MHP STUDY REVEALS REPUTATIONAL TURNAROUND FOR BANKING SECTOR
Since the global financial crash of 2008, the UK’s financial services industry has found great difficulty in vindicating the wider reputation of the profession. Endowed with a steady reprisal of public scrutiny, subsequent years have seen economic downturn deepen ill feeling towards the sector. Despite an embedded lack of trust however, a recent study indicates rising confidence in financial services.
The Financial Services Reputation Index, an inaugural report compiled by public relations and public affairs firm, MHP Communications, takes a closer look at the wider reputability of the financial industry, from mortgages and insurance to private equity and venture capital. Conducted in collaboration with research and strategy consultancy, Populus, the report surveyed 1,089 adults online from across the UK.
The report indicated that as many as 55% of respondents felt that banks had a good reputation, rising to 89% when asked about their own bank. Elsewhere however, confidence in payday loans, fintech and pension funds remains under 35%. Of the respondents that felt that the financial services sector had a bad reputation, 71% believed that the sector only works for its own self-interest. Similarly, 69% of the same group of respondents believed the sector was responsible for the financial crash, and that executives’ salaries were too high.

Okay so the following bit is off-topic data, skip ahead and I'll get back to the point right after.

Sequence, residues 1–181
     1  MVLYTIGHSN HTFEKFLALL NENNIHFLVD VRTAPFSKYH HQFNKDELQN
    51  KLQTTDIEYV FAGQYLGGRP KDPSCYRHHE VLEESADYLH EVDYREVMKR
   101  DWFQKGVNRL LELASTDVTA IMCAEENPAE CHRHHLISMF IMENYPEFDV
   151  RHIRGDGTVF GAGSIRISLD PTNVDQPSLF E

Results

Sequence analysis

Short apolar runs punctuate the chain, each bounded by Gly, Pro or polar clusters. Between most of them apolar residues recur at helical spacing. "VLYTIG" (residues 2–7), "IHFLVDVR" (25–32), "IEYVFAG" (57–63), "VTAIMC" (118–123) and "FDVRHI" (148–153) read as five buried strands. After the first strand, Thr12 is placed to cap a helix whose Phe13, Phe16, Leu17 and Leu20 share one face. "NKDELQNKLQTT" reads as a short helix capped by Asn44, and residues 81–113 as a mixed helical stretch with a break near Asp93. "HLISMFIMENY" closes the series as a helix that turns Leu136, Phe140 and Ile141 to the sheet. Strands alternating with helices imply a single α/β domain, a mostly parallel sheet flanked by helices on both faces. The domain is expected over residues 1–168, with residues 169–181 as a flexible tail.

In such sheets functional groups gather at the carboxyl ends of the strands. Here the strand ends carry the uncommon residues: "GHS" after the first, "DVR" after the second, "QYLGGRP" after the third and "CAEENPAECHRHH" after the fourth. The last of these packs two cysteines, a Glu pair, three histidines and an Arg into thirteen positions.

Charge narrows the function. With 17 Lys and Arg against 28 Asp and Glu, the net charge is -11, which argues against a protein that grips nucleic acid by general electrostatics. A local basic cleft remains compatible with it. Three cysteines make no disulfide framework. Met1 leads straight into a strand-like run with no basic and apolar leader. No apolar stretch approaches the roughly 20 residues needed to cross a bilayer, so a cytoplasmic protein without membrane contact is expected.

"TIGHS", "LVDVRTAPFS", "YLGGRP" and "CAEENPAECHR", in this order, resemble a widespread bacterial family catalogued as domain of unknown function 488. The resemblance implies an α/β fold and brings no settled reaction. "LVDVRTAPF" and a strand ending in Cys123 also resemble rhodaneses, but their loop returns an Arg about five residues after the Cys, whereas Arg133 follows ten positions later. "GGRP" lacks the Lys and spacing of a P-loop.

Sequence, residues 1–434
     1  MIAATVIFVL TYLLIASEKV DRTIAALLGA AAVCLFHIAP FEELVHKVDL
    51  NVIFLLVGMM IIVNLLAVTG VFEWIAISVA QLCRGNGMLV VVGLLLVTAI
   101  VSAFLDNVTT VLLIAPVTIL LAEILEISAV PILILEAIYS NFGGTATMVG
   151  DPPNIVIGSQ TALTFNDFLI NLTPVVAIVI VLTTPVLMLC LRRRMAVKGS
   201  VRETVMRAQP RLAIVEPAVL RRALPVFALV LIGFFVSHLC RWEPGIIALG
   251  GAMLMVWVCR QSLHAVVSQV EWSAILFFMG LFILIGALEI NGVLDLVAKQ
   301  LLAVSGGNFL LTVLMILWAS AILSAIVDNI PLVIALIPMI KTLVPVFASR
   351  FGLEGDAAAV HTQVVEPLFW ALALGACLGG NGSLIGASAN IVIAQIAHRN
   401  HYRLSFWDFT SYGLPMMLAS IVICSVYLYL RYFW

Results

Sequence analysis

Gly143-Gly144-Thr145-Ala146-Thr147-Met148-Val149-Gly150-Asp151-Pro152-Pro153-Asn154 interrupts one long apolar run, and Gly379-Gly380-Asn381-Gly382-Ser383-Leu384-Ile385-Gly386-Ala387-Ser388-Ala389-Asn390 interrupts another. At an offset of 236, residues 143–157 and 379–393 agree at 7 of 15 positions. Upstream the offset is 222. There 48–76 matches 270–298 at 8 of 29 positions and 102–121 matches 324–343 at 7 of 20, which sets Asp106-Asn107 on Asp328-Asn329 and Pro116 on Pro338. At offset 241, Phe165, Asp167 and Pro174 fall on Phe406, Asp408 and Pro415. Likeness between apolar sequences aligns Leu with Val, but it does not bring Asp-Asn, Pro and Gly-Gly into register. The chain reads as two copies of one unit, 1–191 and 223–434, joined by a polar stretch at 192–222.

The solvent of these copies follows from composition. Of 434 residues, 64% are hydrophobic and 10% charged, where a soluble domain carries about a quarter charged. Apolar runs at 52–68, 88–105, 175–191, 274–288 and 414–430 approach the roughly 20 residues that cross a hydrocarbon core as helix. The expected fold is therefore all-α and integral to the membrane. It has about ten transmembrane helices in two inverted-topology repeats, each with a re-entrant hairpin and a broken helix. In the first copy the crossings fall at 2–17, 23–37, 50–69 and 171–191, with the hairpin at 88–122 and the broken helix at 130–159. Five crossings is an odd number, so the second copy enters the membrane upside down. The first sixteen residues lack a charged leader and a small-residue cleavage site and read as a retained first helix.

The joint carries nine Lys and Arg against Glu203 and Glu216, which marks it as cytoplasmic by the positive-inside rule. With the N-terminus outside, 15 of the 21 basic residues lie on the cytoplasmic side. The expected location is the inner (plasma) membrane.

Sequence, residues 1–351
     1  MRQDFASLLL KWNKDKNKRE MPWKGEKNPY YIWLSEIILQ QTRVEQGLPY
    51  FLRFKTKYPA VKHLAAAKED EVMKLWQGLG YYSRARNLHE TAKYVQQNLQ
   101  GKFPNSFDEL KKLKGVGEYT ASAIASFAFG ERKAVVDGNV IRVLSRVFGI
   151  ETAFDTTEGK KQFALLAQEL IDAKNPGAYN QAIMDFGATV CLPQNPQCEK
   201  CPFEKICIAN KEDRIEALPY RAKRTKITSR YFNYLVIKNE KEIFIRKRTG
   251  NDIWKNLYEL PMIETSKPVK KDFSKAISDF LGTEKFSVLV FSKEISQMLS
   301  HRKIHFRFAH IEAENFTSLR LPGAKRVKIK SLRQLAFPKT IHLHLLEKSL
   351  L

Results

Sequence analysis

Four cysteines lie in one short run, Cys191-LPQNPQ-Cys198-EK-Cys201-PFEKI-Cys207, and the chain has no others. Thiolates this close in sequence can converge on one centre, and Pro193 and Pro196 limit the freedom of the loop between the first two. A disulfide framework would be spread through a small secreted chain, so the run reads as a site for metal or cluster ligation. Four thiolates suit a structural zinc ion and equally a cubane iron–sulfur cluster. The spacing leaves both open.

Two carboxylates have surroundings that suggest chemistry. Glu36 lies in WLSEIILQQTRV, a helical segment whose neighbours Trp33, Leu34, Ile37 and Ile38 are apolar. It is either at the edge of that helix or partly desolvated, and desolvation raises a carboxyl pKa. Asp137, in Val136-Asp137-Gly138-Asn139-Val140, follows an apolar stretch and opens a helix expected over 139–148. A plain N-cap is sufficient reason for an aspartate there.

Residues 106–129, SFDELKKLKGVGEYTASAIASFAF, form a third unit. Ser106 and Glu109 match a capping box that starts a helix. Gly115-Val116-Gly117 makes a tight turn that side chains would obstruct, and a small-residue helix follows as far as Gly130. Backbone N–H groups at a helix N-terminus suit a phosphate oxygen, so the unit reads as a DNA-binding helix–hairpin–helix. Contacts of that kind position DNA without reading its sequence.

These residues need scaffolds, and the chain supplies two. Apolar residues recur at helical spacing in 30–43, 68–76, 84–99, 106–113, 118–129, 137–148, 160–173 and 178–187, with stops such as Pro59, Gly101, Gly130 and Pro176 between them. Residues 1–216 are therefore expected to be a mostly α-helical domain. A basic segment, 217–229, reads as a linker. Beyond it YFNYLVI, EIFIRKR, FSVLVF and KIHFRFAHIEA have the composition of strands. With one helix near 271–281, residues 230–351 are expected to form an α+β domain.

Mike Robb, managing director and head of financial services at MHP Communications, says, “These figures demonstrate incredible progress in rehabilitating the financial services industry’s reputation since the depths of the crisis. The positive turnaround in banking is particularly noteworthy, but with two in five still holding a negative view about the sector’s reputation it is certainly not a case of ‘job done.’”
Interestingly, age patterns also found relevance throughout the study. The youngest group of respondents, aged 18-24, had the most positive view of the sector, recorded at 67%. This figure experienced a sharp drop when moving beyond the age of 25, marked at 50-58% across the remaining age categories.
The report also asked what the financial services industry could do to enhance its reputation, with 22% of respondents supporting less pay for senior management and 17% favouring better rates on products. Comparatively however, the report also found that 23% of respondents agreed that the sector’s lending woes were ongoing, a figure that was integral to the post-financial crisis criticisms, especially with regards to SMEs.
Perhaps the most striking feature of the report was the financial services industry’s ranking up against the ‘trustworthiness’ of other professions. Respondents felt that lawyers were the most trustworthy at 65%. Traffic wardens came in second, with a 51% rate of trust, a figure that eclipsed the banking sector by more than 20%. Below bankers however, estate agents, journalists and politicians take the crown as the report’s least trusted professions.
For a closer look at the Financial Services Reputation Index, click here.
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